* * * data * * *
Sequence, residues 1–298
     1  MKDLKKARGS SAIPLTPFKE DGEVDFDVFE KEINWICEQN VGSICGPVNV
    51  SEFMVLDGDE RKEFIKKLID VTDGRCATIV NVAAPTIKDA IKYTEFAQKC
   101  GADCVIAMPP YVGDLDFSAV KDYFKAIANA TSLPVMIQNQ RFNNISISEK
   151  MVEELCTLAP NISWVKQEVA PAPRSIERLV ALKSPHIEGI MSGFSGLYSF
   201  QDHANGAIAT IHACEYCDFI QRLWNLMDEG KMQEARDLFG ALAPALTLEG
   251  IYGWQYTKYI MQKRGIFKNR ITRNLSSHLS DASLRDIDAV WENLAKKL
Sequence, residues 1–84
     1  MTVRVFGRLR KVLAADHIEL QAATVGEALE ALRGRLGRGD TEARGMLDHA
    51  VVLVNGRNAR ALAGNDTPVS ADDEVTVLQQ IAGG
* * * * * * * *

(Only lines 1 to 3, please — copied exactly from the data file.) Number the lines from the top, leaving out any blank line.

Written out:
Sequence, residues 1–298
     1  MKDLKKARGS SAIPLTPFKE DGEVDFDVFE KEINWICEQN VGSICGPVNV
    51  SEFMVLDGDE RKEFIKKLID VTDGRCATIV NVAAPTIKDA IKYTEFAQKC